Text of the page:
Mr. Ridley: oh dear

Now we know that Matt Ridley reads this at least sometimes. And we\’ve found out that he has a new book out.

In this book I have tried to build on both Adam Smith and Charles Darwin: to interpret human society as the product of a long history of what the philosopher Dan Dennett calls \”bubble-up\” evolution through natural selection among cultural rather than genetic variations, and as an emergent order generated by an invisible hand of individual transactions, not the product of a top-down determinism.  I have tried to show that, just as sex made biological evolution cumulative, so exchange made cultural evolution cumulative and intelligence collective, and that there is therefore an inexorable tide in the affairs of men discernible beneath the chaos of their actions.  A flood tide, not an ebb tide.

That basic idea being entirely reasonable,

However, naughty, naughty Mr. Ridley.

The conjunction of Adam Smith with \”an invisible hand\”.

Sigh….invisible hand appears three times in Smith\’s writing. Once about astronomy, the second I cannot remember and the third in the way that merchants prefer to invest at home rather than abroad. None of which are actually about that \”invisible hand\” that is currently used as a shorthand for the market.

You\’ll have Gavin Kennedy shouting at you soon enough you know.

6 thoughts on “Mr. Ridley: oh dear”

  1. Philip Scott Thomas

    But you have to admit, the Shakespeare allusion is rather nice.+

    Tim adds: The Shakespeare Illusion….is that where you produce the Earl of Oxford out of a hat?

  2. Ah, but Smith gave us the phrase. And the mark of good literature is that it gives us things which get out of control: just like Shakespeare and the Bible have some of the more memorable phrases quoted inappropriately, so also is Smith’s invisible hand.

  3. Hey!

    In Theory of Moral Sentiments, he uses the phrase in a way that is very parallel to Darwin’s use of `natural selection’, namely emergent order, which was my point. Compare:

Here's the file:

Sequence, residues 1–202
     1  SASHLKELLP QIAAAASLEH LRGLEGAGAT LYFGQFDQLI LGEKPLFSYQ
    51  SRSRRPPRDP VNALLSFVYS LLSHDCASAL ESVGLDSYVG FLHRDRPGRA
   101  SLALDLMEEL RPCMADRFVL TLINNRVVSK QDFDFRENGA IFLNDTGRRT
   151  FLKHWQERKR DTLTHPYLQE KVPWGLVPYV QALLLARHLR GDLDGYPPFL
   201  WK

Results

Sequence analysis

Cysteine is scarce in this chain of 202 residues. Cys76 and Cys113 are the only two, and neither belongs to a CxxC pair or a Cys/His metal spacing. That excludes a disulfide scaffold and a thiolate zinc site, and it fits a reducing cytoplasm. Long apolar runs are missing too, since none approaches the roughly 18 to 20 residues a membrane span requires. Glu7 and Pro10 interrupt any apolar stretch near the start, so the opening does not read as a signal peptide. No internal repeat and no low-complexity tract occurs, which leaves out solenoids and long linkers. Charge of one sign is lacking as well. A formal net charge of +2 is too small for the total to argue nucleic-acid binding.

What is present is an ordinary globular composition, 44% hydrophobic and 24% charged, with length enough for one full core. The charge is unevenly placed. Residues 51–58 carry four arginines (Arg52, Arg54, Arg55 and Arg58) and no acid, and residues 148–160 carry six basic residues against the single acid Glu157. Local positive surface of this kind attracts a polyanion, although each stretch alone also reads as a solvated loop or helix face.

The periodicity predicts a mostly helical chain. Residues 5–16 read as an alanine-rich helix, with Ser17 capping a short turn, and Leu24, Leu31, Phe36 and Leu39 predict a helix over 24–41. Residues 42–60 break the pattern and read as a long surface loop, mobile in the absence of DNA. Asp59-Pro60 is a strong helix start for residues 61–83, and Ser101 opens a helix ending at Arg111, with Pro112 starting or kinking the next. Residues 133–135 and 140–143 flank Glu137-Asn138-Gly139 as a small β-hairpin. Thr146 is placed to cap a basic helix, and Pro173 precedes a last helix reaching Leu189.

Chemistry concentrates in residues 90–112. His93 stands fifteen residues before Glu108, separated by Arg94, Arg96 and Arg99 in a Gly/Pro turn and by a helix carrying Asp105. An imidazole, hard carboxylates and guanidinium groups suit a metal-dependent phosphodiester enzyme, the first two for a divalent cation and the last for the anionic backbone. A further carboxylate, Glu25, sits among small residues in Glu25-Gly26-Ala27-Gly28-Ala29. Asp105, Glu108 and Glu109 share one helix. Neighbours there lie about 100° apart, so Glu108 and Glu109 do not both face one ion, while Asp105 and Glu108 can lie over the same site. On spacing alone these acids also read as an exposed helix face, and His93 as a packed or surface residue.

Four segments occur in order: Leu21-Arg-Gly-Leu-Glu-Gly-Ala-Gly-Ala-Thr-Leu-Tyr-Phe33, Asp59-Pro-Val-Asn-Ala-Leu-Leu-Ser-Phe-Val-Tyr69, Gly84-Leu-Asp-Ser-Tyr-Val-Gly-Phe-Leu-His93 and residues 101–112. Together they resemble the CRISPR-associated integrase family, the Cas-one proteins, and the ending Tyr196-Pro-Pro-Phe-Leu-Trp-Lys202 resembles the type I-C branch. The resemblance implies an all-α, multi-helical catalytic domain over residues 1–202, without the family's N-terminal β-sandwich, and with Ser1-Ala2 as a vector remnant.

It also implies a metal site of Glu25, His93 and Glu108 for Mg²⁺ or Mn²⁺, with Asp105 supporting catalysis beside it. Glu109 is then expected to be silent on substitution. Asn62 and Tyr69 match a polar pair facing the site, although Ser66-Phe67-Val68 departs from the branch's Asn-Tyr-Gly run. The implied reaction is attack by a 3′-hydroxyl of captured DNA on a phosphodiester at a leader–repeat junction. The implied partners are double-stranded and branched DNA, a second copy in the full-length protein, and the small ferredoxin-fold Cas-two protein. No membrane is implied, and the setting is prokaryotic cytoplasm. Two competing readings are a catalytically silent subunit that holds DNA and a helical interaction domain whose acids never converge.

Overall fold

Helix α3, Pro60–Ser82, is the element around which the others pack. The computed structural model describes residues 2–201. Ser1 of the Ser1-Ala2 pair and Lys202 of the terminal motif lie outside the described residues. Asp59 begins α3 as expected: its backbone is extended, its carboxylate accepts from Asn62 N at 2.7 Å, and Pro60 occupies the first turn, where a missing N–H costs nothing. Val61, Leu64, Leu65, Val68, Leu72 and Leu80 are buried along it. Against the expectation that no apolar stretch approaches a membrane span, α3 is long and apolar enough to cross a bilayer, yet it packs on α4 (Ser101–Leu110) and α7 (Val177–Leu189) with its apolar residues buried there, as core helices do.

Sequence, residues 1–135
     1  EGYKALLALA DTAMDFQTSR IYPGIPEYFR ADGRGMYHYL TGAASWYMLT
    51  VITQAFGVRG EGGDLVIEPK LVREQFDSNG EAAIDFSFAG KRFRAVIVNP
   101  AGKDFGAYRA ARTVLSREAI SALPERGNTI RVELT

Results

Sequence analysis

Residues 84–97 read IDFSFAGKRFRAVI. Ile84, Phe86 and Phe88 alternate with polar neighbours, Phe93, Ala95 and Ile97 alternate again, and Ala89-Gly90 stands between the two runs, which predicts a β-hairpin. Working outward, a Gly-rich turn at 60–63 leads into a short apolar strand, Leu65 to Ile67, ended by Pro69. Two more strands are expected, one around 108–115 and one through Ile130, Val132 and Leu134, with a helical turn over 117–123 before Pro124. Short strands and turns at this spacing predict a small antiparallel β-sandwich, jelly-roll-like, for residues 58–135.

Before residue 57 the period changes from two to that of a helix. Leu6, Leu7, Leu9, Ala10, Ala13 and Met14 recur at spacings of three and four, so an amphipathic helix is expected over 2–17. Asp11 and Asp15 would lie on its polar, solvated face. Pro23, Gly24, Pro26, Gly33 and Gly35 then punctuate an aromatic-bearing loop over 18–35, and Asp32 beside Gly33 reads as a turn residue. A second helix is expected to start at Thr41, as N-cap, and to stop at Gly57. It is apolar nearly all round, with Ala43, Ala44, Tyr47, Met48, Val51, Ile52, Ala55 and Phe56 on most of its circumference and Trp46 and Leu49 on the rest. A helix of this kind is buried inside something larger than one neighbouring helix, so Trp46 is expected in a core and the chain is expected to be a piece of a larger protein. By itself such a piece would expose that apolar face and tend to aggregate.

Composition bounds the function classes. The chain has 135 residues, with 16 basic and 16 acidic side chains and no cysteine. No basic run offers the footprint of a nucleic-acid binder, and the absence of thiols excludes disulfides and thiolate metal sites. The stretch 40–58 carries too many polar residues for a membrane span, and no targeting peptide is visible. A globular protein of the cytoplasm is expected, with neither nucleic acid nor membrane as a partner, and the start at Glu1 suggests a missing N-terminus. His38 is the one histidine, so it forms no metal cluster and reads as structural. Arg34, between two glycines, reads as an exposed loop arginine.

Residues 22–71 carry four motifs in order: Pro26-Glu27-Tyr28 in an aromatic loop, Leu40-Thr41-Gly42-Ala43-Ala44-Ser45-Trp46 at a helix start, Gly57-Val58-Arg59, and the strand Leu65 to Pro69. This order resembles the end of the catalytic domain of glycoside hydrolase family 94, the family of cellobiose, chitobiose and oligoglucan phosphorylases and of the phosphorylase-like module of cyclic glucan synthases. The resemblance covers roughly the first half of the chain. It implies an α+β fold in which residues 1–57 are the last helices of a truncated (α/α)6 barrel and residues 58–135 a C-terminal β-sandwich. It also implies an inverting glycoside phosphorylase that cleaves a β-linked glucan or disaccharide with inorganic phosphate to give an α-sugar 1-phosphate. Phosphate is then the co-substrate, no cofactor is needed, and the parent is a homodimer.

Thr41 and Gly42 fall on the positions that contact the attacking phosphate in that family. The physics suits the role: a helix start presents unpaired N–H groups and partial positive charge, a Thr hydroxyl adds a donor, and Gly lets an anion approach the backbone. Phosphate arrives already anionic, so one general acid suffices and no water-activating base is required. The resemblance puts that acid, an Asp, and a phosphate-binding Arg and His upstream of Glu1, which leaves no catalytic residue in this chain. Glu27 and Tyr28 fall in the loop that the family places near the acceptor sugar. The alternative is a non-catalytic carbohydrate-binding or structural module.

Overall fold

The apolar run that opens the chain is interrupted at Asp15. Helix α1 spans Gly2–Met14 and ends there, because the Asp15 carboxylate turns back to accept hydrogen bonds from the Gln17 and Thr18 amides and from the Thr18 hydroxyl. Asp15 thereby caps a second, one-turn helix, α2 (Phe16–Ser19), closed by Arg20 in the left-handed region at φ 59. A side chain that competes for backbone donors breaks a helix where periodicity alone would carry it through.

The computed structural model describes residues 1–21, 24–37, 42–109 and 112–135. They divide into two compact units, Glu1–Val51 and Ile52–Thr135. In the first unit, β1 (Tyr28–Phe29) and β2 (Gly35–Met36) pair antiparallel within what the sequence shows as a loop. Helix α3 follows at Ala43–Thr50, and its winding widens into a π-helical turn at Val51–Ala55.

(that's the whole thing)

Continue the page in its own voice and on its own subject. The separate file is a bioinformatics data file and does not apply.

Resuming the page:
Smith: “The rich only select from the heap what is most precious and agreeable. They consume little more than the poor, and in spite of their natural selfishness and rapacity, though they mean only their own conveniency, though the sole end which they propose from the labours of all the thousands whom they employ, be the gratification of their own vain and insatiable desires, they divide with the poor the produce of all their improvements. They are led by an invisible hand to make nearly the same distribution of the necessaries of life, which would have been made, had the earth been divided into equal portions among all its inhabitants, and thus without intending it, without knowing it, advance the interest of the society, and afford means to the multiplication of the species. ”

    and

    Darwin: “Thus, from the war of nature, from famine and death, the most exalted object which we are capable of conceiving, namely, the production of the higher animals directly follows.”

    By the way, the book is not out for 3 months so Tyler Cowen jumped the gun a bit.

  4. Philip Scott Thomas

    The Shakespeare Illusion….is that where you produce the Earl of Oxford out of a hat?

    LOL. No. “…there is [therefore an inexorable] tide in the affairs of men “. That’s from Julius Caesar, that is.

  5. This is the most famous usage. Perhaps its the third one that you forgot:

    “By preferring the support of domestic to that of foreign industry, he intends only his own security; and by directing that industry in such a manner as its produce may be of the greatest value, he intends only his own gain, and he is in this, as in many other cases, led by an invisible hand to promote an end which was no part of his intention. Nor is it always the worse for the society that it was not part of it. By pursuing his own interest he frequently promotes that of the society more effectually than when he really intends to promote it. I have never known much good done by those who affected to trade for the public good. It is an affectation, indeed, not very common among merchants, and very few words need be employed in dissuading them from it.”

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